So 12 Cal State Fullerton grad students pursuing master's degrees in education or reading specialist certificates agreed to meet with students for three months and help them develop an individualized reading improvement plan.

Ricky Lopez, 10, is one success story.

Ricky was having trouble processing words as a second-language learner, said tutor Ellen Clinton, who teaches English as a second language at Corinta Middle School in Santa Ana Unified.

"It's going back to basics," Clinton said. "Working one-on-one really makes a difference. It just makes him focus better."

And his success could be replicated among many students, she said.

"Ricky has a chance," Clinton said. "If we had a program like this in Santa Ana Unified . . . I can only imagine what it would be like. [Now] it takes them years to learn this stuff."

But memorizing sentence structure and such staples as subject-verb agreement is only half the battle. Getting kids to make another attempt at a skill that has eluded them is harder.

"The No. 1 thing in working with kids with reading problems is getting them to change their attitudes about reading, making them feel very successful," Dygert said.

To that end, tutors reward diligence with items such as certificates, candy, a bookmark or a book.

It worked for Nader Fannyan, 11, who needed a self-esteem boost, said mother Fereshteh Momayez.

"Before, I always had to beg him to read, and I always heard negative statements about it," she said.

But a semester later, Nader's grade average has jumped from a D- to a B, and he seeks reading challenges, she said.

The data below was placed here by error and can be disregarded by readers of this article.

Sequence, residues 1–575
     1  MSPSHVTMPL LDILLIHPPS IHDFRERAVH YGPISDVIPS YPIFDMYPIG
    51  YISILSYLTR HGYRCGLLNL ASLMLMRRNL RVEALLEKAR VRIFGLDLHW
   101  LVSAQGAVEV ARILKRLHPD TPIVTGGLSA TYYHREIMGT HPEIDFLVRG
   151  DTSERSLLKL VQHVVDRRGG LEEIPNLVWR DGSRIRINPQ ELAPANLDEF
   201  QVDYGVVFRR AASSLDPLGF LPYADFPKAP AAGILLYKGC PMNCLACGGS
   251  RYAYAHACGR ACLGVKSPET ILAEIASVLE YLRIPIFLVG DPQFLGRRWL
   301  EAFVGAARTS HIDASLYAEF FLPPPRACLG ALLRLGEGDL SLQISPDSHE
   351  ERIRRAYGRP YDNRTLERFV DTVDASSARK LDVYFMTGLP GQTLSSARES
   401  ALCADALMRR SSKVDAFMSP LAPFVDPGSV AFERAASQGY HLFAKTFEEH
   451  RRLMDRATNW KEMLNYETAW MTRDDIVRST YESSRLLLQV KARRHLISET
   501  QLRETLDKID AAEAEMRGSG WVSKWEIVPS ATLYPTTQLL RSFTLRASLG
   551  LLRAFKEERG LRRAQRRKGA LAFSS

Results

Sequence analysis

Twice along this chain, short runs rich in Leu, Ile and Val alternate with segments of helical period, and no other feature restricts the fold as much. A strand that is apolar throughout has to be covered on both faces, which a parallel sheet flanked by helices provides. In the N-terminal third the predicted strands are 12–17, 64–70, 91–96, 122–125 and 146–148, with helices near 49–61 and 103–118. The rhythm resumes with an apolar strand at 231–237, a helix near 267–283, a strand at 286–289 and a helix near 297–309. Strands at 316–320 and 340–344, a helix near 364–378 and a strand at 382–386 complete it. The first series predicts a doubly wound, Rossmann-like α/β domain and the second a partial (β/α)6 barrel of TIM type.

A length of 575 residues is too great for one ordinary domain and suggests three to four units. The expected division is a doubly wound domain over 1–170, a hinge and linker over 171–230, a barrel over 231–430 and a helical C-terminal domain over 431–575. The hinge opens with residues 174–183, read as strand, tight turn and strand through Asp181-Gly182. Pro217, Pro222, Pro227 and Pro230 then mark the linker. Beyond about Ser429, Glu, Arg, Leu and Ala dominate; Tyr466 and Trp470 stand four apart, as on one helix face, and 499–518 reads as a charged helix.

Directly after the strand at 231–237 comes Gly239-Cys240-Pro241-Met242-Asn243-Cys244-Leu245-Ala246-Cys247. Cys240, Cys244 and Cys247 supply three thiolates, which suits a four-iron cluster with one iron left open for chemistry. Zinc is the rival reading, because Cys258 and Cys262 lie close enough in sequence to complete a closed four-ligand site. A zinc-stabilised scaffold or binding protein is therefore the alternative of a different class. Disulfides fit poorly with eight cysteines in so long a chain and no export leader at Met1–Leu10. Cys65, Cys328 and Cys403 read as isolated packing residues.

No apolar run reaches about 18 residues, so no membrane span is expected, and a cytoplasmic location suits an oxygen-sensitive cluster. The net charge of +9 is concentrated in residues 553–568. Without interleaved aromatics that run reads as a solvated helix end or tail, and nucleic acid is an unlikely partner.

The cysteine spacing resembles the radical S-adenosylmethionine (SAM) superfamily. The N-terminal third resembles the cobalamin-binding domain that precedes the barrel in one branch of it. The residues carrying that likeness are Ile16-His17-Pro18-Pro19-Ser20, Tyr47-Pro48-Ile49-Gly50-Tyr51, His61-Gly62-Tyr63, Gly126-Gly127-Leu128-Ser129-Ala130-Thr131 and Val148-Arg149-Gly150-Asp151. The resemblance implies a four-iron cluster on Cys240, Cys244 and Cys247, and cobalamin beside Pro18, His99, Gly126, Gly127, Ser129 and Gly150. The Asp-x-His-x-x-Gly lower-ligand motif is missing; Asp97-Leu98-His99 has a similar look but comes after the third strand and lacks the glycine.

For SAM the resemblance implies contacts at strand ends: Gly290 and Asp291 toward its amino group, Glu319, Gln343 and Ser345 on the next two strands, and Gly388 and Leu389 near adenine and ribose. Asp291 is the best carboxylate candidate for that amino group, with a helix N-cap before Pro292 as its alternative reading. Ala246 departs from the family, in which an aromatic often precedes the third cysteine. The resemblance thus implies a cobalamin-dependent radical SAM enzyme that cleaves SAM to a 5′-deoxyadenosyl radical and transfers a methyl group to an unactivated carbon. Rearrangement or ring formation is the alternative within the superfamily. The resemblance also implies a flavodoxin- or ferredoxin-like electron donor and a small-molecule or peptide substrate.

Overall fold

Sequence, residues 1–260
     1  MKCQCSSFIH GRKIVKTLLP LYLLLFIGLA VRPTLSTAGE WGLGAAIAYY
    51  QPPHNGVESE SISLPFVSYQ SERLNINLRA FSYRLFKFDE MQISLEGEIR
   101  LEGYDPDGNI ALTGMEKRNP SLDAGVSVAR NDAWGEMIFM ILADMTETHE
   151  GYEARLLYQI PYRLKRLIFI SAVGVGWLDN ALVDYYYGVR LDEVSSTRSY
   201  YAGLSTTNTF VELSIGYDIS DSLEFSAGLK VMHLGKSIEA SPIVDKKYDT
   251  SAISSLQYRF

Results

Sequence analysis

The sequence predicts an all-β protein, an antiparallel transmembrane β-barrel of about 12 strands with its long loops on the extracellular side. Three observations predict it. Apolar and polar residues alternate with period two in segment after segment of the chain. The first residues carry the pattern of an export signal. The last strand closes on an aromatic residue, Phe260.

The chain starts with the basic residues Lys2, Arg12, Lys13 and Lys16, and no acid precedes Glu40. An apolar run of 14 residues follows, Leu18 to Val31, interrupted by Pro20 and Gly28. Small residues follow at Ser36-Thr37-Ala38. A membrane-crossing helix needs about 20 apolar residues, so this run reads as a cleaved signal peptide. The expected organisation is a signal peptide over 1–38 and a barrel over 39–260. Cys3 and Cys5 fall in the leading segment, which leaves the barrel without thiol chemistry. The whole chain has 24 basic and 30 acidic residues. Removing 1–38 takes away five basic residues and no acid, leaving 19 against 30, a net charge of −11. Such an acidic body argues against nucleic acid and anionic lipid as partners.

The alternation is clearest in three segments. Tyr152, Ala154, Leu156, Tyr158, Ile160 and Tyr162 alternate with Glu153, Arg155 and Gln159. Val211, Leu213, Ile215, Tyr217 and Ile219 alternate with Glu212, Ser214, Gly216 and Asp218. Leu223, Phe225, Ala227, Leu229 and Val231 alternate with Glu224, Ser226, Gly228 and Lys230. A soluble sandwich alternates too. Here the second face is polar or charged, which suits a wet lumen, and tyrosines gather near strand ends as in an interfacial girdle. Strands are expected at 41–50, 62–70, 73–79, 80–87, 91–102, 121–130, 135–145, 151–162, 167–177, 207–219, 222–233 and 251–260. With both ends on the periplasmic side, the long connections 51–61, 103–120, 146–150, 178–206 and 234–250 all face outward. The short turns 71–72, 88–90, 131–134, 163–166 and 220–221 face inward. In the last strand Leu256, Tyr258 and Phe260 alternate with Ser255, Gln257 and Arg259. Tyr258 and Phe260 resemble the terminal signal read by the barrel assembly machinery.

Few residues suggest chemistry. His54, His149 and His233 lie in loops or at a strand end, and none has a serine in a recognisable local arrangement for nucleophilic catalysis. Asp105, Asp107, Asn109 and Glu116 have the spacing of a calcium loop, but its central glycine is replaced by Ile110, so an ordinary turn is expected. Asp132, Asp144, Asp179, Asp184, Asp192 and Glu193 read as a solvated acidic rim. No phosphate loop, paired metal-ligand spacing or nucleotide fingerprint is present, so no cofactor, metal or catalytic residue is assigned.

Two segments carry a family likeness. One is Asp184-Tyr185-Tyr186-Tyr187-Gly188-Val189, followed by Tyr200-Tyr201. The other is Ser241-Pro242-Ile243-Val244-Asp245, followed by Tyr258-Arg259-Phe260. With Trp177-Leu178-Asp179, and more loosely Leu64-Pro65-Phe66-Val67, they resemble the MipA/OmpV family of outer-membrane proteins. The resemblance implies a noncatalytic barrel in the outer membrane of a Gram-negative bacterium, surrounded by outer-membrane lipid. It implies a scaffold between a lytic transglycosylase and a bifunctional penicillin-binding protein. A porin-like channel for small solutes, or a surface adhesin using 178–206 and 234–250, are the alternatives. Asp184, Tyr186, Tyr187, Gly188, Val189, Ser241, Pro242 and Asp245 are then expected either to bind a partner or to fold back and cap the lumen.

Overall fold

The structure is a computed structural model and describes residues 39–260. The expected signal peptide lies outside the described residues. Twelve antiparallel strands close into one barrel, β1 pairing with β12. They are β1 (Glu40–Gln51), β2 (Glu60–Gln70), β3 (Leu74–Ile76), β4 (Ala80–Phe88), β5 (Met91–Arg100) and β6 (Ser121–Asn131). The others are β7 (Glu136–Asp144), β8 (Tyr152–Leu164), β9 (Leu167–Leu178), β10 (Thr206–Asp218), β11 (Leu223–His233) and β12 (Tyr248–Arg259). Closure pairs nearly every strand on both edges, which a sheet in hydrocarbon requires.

"Now he asks me all the time to buy him books," Momayez said. "I feel like my child has been truly blessed."

Program Helps Tutors Hone Their Expertise

Low-performing readers may always have to struggle to keep comprehension up, Bishop said.

"You're always going to have, no matter how sophisticated and well trained your teachers are, students who cannot keep up with other students," she said. "They need additional support.

"There's no big secret. We don't have one thing that's going to meet the needs of all students."

But it's those challenges that help the university students hone their expertise as they prepare for the ultimate test: commanding a diverse classroom of their own.

Such training provides the university students with a broad base of knowledge, a key factor in the program's success, Bishop said.

"The most important thing is that we want our graduates to be masters of their science: a person who can help any student at any time. So they can look at a student and know what skills the student really does need to have and how to assess those skills."

Heading into its second semester, the reading clinic may grow or decrease in size, depending on the number of Cal State Fullerton teaching students who enter the program next semester. But despite any size fluctuations, the program's continued existence signifies success, Bishop said.

"We're sending tremendously prepared graduates out to meet the needs of many students," she said. "Now that we're getting people out there in very good numbers, I think we're helping."